Directed by David Mamet, starring Gene Hackman, Danny De Vito, Delroy Lindo, Rebecca Pidgeon, Ricky Jay and Sam Rockwell.

It's not that long since Hollywood offered us an industry stalwart in the role of master thief. Gene Hackman starred as an adulterous president in 'Absolute Power', while Clint Eastwood played the professional burglar. Whether or not Hackman refused the role then, here he dons the black leather gloves and sets out on a series of super-heists.

Hackman - happily married to a vivacious young wife - is due to cash in his chips as thief supremo. His business partner Bergman (Danny De Vito) is suspicious about how honestly the spoils from their last job will be divvied up and sends along his smug, rookie nephew to keep an eye on things.

Before long, the gang is up to their swag bags in double-crossing rip-offs and the plot has more twists and turns than a ringleted Riverdancer. Just when you think you've sussed what's going on, another plot twist (albeit a predictable one) jumps out like a malfunctioning jack-in-the-box. For every plan B, there's a plan C,D, and E which is at best confusing and at worst tiresome. Such a labyrinth of turns ensures that the film ends up parodying itself grossly.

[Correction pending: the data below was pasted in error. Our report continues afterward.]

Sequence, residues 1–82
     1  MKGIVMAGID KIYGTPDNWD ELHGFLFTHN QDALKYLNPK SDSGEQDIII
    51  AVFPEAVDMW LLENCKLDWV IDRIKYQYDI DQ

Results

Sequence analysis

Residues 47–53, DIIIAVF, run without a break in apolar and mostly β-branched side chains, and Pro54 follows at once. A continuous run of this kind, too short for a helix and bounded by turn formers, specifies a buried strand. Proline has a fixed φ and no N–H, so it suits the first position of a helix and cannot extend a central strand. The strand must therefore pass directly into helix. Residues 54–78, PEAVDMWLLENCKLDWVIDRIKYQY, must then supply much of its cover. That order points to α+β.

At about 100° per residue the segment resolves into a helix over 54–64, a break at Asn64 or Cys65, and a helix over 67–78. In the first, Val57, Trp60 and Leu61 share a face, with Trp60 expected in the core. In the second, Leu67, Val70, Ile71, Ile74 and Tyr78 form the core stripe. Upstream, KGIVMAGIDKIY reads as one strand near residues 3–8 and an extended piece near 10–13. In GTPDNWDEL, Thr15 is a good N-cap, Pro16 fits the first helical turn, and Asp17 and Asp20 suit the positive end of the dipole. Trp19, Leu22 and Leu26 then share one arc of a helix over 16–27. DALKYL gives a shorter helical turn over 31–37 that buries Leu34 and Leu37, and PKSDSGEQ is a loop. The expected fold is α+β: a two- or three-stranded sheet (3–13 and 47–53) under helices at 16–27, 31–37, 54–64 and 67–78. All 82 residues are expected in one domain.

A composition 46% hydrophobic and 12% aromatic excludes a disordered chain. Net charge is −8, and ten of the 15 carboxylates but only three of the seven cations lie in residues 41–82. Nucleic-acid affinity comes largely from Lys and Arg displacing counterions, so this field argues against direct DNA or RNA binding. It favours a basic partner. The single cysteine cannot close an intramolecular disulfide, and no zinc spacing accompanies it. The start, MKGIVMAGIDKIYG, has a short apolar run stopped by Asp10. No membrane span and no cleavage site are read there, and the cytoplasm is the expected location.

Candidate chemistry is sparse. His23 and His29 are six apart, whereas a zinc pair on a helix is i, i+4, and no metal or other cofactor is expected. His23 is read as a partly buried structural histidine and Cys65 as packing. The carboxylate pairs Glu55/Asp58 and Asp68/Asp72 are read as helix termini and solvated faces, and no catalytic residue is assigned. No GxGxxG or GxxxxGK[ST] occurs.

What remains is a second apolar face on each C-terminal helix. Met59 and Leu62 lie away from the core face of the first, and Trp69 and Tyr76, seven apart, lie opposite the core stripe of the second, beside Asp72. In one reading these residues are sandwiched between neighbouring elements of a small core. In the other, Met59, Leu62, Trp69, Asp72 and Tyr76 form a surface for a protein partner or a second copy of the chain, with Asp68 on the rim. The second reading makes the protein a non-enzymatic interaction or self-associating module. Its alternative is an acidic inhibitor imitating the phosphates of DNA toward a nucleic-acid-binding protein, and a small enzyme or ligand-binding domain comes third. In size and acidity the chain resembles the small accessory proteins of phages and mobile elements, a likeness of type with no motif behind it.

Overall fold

The banality of the over-reaching plot is slightly salvaged by excellent performances by Hackman and DeVito with henchmen Lindo and Jay as formidable sidekicks. As the twists get progressively laughable and irritating, it's clear that any attempts at updating this stale genre have been bypassed here.

Sinéad Gleeson